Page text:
Amédée Méreaux

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Engraving of Amédée Méreaux
Engraving of Amédée Méreaux
Photograph of Amédée Méreaux
Photograph of Amédée Méreaux

Amédée Méreaux (full name Jean-Amédée Lefroid de Méreaux) (Paris, 17 September 1802 – Rouen, 25 April 1874) was a French musicologist, pianist, and composer. He was the author of Les clavecinistes de 1637 à 1790, written from 1864 to 1867, which had essays on the composers it mentioned.[1] His grandfather, Nicolas-Jean Lefroid de Méreaux (1745–1797), was a composer of operas and oratorios, while his father, Jean-Nicolas Lefroid de Méreaux, was an organist and pianist and was a composer of piano sonatas.[2] He was a friend of Frédéric Chopin.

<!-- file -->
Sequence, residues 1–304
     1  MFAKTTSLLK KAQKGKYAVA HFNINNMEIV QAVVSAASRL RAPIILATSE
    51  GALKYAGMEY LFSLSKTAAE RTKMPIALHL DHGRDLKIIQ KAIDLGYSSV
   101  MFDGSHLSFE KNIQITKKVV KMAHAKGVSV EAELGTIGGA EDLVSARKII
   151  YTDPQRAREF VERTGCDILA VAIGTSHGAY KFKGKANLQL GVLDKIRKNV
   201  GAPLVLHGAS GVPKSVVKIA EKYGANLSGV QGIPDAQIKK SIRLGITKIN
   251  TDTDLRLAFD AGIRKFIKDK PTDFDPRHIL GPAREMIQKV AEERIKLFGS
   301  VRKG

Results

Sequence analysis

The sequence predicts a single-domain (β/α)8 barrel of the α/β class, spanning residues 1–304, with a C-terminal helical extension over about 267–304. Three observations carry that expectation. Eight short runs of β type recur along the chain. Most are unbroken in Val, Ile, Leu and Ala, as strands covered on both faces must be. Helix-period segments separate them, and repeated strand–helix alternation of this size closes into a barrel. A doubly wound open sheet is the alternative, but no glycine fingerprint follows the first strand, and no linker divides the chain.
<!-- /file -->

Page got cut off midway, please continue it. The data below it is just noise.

His music, while obscure, is somewhat known for its sometimes immense difficulties ( Marc-André Hamelin thinks that his piano works are sometimes more difficult than even those of Charles-Valentin Alkan[3]), and his most famous work is his 60 Études, Op. 63. For example, his "Bravura" étude, Op. 63 No. 24, has passages where the pianist's two hands cross over each other simultaneously every quaver, at the speed of quarter note = 100. However, not all of his works have such difficulties. Although his works are considered by some, including Hamelin, to be unmusical,[3] this view is not held by all.[citation needed] Despite his current obscurity, some of his Op. 63 études were included in some piano collections edited by Isidor Philipp, and there is a street in Rouen named after him.[2] Recently, five of his Op. 63 études have been recorded by Cyprien Katsaris.[citation needed]

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